March 16, 2015 Leave a comment
By IAN ALLEN | intelNews.org
Millions of dollars given by the United States Central Intelligence Agency to Afghanistan following the 2001 American invasion ended up in the hands of al-Qaeda, according to documents found in the personal archive of the organization’s founder, Osama bin Laden. The documents were confiscated by US Special Forces from bin Laden’s hideout in Abbottabad, Pakistan, where he was killed in 2011. They were declassified this week for use as evidence in the trial of Abid Naseer, a Pakistani citizen accused of planning a series of suicide bombings in Britain and the US. The New York Times, which cited “interviews with Afghan and Western officials”, said the documents show that Washington “has sometimes inadvertently financed the very militants it is fighting”. The paper attributed this to poor oversight of the billions of dollars in cash payments that the CIA supplied to the corrupt Afghan government of Hamid Karzai for over a decade.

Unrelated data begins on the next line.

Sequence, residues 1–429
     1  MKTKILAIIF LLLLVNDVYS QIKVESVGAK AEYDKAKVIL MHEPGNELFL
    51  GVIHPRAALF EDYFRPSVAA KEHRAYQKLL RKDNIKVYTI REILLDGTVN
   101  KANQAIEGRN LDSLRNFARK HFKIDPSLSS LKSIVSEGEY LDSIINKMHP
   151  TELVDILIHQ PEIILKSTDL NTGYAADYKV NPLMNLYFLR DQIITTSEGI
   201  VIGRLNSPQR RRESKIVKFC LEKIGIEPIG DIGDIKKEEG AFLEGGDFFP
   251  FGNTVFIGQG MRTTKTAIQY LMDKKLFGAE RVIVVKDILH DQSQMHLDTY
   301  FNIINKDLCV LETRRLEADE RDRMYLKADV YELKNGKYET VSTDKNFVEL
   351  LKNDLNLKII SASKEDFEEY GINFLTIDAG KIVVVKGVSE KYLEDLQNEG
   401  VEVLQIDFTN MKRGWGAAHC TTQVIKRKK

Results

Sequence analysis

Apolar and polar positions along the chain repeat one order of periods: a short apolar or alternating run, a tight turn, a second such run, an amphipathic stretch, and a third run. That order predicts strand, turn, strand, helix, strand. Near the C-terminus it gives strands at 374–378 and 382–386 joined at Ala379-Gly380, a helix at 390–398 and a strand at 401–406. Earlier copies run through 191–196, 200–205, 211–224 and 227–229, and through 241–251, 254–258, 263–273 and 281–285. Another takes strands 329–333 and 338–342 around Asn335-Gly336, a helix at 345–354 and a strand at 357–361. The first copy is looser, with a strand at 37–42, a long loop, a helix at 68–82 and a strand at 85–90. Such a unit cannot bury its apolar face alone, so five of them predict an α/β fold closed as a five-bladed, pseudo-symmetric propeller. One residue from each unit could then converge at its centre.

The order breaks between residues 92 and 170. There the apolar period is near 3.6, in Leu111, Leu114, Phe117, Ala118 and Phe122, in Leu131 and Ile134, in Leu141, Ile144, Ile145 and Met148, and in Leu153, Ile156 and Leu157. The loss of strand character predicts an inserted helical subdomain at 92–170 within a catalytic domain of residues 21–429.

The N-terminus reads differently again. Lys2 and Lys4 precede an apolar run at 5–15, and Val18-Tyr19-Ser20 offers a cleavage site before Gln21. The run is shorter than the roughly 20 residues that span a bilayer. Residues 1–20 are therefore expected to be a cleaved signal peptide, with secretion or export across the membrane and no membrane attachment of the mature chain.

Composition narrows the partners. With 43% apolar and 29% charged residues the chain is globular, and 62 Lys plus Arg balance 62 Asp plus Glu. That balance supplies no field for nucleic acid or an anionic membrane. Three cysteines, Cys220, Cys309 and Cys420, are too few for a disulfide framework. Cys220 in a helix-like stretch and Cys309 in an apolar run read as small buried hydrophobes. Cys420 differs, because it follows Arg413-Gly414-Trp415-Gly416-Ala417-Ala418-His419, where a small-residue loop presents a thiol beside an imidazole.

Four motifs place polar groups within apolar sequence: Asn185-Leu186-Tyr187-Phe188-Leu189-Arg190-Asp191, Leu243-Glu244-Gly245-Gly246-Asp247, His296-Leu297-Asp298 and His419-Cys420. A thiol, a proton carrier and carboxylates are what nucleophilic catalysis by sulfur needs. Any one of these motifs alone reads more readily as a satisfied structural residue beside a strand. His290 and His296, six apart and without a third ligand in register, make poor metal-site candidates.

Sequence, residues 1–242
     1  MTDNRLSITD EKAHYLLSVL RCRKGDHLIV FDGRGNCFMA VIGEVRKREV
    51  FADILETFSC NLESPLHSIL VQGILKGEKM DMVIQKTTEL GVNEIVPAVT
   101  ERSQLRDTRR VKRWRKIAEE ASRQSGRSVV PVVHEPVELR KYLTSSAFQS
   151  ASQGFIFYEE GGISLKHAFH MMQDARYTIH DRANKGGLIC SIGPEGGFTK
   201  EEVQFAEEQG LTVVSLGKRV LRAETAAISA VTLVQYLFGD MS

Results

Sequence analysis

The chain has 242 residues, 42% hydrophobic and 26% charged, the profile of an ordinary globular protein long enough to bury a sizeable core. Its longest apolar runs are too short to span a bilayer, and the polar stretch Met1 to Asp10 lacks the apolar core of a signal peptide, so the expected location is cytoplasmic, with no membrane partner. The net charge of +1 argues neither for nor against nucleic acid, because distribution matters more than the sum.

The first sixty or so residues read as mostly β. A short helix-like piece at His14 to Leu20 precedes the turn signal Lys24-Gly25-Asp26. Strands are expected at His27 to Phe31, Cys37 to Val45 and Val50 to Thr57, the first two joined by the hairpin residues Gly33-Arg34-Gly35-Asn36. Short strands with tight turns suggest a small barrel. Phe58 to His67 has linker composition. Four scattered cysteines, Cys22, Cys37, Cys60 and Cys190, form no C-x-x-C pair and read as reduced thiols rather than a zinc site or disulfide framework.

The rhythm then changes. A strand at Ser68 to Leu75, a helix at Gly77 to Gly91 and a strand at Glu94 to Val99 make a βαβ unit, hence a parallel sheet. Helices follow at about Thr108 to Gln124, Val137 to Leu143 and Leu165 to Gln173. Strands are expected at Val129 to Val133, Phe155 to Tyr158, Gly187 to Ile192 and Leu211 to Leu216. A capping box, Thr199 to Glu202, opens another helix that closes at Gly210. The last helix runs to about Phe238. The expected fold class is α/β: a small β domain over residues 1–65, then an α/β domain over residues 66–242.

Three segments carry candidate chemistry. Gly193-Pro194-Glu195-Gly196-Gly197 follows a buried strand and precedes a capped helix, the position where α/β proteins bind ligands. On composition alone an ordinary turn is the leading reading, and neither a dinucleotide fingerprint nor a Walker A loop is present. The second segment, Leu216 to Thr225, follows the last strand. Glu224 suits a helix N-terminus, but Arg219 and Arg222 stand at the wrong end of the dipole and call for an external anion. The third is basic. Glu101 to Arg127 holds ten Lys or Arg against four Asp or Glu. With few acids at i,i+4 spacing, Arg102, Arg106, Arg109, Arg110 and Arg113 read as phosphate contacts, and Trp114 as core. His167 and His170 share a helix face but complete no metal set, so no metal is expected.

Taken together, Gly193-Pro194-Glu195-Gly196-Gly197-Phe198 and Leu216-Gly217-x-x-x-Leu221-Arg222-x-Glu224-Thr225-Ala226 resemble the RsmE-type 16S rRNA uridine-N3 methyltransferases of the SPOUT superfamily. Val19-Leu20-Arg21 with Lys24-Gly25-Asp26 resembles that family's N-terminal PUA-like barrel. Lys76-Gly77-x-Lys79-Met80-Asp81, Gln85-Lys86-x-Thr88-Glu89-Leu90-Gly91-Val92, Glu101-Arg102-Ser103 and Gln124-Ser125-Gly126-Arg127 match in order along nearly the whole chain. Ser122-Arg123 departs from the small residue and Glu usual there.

The letters used in Naseer’s trial concern $5 million paid as ransom to al-Qaeda by the Afghan government in 2010, in exchange for the release of Abdul Khaliq Farahi, Afghanistan’s consul general in the Pakistani city of Peshawar. Farahi had had been abducted by militants two years earlier and delivered to the hands of al-Qaeda, who promptly contacted Kabul demanding payment. In the spring of 2010, the Afghan government agreed to pay a $5 million ransom for the kidnapped diplomat’s release. According to The Times, at least $1 million in ransom money came from the several millions of dollars in cash that the CIA would deliver each month to the presidential palace in Kabul. The other $4 million came from Iran as well as from a number of Arab oil kingdoms, says the paper.
In June 2010, almost as soon as the funds were delivered to al-Qaeda’s hands, the organization’s accounts manager, Atiyah Abd al-Rahman, wrote to bin Laden: “Allah blessed us with a good amount of money this month”. The al-Qaeda founder responded by expressing surprise that the US would have allowed a ransom to be paid to the militant group, and cautioned al-Rahman to check the cash for signs of poison or radiation that may have been planted there by the Americans. It appears, however, that no trap had been set up by the CIA, and al-Qaeda was able to use the funds for weaponry and routine operational expenses. The Times said it asked the CIA whether officials at Langley were aware of the ransom paid to al-Qaeda by the Afghan government, but the Agency declined comment.